Saturday - landed in Delhi, met the two buses and drivers we'd booked, gathered team from various airlines. Travel hours north to Rishikesh, and launched on the Ganges, big Grade 3+ waves to warm up. Everyone paddling half asleep and jetlagged.

Sunday - Drove up the Ganges valley to where it is formed of two rivers (Bhagarathi and Alaknanda). A late start and tired group meant that we arrived at the top of the Alaknanda valley just too late to paddle. Stayed in a surprisingly pleasant hotel at Karnprayag.

Monday - paddled an Alaknanda trib, the Pindar. Beautiful grade 3 and 4 rapids, blue water. Towards the end, my group (we usually divided into two groups) got detained by a group of Park officials - a bit of a stand-off lasting several days began. Even though we had prior arranged permission (and didn't officially need it anyway) a series of Park officials saw us and had dollar signs roll in front of their eyes. Vaibhav at Aquaterra (whom we hired the buses from) got on the case by making a few phone calls on our behalf, but the message was slow to trickle through to local bureaucrats and petty officials.

Tuesday - got held up in the morning by dozens of Park officials turning up at our hotel to extract a hefty 'official fine' from us. Then we headed up to Chamoli where we loaded boats and headed off down the upper Alaknanda. This proved to be fairly feisty Grade 4+ but everyone paddled/portaged carefully and there were no problems. Because we'd been delayed, we had to camp quite close to civilisation and - you guessed it - another official turned up demanding payment. At this point my patience had run out and he was given short shrift.

Wednesday - we paddled more of the Alaknanda, which is quite excellent, much better than I recall from paddling it during the 2000 monsoon. There were loads of big Grade 4 rapids, either of the classic 'big water' wave and hole type, or more technical stuff in occasional gorges. We camped at a quieter place this time, and were entertained by hundreds of monkeys doing Jackass-style stunts. Really.

Thursday - last day self-supporting on the Alaknanda. I estimated that we had 1-2 hours left, it turned out to take all day! Highlight was a rapid where the whole river raged through a long series of waves and holes, before squeezing down a gap a few metres wide into a sheer-walled gorge, overlooked by a huge temple. Dramatic stuff. We finished at Rudraprayag (confluence with the Mandakini River) in stifling heat. A major dam is being built some miles downstream, goodbye Alaknanda ... we hotelled up the Mandakini valley.

Friday - the Mandakini River, a new one on me. Very pretty but rather smelly in places! It was Grade 3-4 for miles, then a few folk got off and the rest of us ventured into a deep gorge which turned out to have some good rapids up to Grade 4+. Afterwards, I fell off a cliff (see above) and then we headed over the hill towards the Bhagirathi valley. This is the second of the two rivers which form the Ganges, but has been dammed - so much for India's holiest river. We stayed at New Tehri (old Tehri, which I visited in 2000, is now underwater).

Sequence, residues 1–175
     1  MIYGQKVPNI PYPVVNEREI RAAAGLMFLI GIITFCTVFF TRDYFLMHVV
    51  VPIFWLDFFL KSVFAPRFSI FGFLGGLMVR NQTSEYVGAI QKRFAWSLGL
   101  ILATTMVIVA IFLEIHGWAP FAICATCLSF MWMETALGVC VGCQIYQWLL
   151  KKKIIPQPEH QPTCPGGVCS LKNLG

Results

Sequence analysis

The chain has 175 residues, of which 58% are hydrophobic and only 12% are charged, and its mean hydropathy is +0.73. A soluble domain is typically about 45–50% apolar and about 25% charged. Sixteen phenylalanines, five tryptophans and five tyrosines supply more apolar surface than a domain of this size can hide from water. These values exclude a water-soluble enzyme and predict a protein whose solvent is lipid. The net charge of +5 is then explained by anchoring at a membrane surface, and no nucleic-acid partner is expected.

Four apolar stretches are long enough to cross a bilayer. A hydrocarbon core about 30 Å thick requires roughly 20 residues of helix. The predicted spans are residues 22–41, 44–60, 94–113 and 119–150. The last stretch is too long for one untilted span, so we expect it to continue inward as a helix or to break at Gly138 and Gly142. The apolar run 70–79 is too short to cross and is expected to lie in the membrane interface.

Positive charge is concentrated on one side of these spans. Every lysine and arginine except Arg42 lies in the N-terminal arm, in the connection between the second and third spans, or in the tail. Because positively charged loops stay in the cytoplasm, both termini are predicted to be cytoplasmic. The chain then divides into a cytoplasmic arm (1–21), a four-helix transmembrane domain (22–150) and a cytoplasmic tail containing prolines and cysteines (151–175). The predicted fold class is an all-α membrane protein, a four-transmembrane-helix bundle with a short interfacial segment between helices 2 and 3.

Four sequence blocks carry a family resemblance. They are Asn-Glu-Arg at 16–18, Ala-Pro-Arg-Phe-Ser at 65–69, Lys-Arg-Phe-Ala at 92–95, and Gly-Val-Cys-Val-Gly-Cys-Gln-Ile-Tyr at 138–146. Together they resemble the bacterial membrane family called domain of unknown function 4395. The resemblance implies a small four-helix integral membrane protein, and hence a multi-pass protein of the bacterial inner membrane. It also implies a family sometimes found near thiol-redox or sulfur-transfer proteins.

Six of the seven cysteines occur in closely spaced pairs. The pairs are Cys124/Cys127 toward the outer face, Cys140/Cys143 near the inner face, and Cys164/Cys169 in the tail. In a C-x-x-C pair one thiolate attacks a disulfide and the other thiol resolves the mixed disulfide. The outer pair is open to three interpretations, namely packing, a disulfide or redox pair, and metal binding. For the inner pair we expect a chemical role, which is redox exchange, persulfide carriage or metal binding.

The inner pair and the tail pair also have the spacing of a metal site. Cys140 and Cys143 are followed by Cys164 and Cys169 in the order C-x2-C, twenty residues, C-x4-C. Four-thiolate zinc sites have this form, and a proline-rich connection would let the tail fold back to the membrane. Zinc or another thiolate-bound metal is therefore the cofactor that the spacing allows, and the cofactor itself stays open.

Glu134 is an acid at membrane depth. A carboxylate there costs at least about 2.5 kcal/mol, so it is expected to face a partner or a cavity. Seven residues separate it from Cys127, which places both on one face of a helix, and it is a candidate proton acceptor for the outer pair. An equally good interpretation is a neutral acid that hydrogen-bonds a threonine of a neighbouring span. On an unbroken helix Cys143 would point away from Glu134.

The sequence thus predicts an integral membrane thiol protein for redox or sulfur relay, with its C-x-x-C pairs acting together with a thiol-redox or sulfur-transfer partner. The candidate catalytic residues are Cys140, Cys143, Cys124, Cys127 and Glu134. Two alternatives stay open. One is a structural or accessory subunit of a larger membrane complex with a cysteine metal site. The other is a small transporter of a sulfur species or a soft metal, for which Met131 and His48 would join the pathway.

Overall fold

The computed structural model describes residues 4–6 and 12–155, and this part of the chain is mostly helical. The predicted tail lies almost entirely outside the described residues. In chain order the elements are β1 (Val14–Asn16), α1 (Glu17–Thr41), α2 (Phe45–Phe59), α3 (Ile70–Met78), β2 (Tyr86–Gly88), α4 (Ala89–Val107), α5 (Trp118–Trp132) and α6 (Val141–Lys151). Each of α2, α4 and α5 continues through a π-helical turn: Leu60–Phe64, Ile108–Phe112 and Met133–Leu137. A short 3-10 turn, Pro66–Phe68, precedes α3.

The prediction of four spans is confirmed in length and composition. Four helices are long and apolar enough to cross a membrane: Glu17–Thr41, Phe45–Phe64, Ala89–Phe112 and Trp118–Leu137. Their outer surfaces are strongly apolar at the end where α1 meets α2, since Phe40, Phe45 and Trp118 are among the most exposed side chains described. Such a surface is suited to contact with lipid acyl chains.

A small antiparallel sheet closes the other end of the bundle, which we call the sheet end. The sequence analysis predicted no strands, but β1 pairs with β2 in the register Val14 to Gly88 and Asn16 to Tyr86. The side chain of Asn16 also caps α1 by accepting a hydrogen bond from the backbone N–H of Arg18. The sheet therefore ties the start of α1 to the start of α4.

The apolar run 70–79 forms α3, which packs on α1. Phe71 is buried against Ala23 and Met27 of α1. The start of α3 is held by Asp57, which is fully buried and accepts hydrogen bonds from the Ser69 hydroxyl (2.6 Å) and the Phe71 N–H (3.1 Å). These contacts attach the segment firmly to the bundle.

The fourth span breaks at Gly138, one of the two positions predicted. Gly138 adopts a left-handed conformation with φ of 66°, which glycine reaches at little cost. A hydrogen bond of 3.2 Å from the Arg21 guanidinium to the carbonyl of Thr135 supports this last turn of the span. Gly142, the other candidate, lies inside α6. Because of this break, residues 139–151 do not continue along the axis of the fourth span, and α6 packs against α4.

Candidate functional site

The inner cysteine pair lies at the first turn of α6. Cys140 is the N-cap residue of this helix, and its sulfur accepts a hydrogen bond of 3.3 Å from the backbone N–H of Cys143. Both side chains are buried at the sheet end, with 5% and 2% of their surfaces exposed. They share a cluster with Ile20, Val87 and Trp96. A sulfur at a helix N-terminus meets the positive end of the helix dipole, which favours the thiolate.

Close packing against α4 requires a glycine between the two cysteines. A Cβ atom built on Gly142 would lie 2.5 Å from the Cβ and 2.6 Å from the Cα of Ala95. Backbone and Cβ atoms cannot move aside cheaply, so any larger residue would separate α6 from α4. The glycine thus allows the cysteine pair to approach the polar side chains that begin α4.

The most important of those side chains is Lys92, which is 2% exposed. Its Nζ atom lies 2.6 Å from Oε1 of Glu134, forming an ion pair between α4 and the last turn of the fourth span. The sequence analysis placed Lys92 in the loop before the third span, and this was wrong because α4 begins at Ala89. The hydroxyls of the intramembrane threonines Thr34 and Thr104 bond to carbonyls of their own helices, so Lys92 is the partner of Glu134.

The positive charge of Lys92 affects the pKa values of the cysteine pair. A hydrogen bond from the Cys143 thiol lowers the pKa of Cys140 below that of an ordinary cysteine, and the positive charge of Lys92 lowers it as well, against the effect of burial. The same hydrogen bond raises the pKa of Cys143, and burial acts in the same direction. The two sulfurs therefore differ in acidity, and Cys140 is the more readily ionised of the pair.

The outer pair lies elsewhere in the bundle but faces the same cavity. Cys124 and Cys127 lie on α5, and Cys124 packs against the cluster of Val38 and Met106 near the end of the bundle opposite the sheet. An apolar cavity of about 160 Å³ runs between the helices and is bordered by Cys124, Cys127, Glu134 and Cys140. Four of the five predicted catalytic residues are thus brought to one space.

Saturday - a travelling day. We looked at the Bhagirathi above the new lake but this was also being dammed. Instead we headed over the hill to the Yamuna valley, hotelling in the pleasant Alpine retreat of Barkot.

Sunday - the upper Yamuna, Grade 4+-5. This little creek is probably the hardest river we paddled, and a few folk sat it out. Most people walked out exhausted after the second of three gorges, but three of us finished all three. We then headed towards the Tons valley, staying somewhere or other whose name I forget.

Monday - the upper Tons from the confluence with the Rupin River. My memory told me this was easy, but we found powerful Grade 4+ with volume and gradient. The weather turned uncharacteristically grim too, with thunder, lightning and rain (we saw a bit more of this in the following days). Good stuff. We camped by the river.

Tuesday - the lower Tons from Mori to Tiuni, what an epic! As I recalled it as being 'easy' and 'flat', I imagined that 20 miles wouldn't take long. My memory turned out to be hugely wrong however, there was an endless array of technical rapids ranging from Grade 4-4+, including one big 5. There were 8(!) swims on this trip as people were simply shattered by this long day. Afterwards we bused to Rohru (en route to the Sutlej valley) and stayed in the worst hotel ever. Nearby was a lovely hotel beside a Hindu temple we stayed in last time, but my memory failed me (again) and we couldn't find it)

Wednesday - travelled across to Rampur, a town on the mighty Sutlej River. I came here to paddle the upper gorges in 2006 but bottled out, so this was my first time on the river. We loaded up and launched in the afternoon downstream of Rampur, surviving a few BIG rapids before a delightful campsite.

Thursday - a long day paddling big water pool drop Grade 4. The rapids early in the day weren't always friendly, with pourovers lurking - various people walked off. The river got nicer as the day went on, with huge wave trains and some amazing gorges. We could have done another day on the Sutlej, but decided to finish the trip with some restful tourism - we bused to the hill station of Shimla, arriving late.

Friday - Shimla. Saw monkeys, temples, shops. We also saw our first non-Asian faces in over a week, giving some idea of how off the beaten track we'd been.

Saturday - long tedious drive back to Delhi. Arrived late.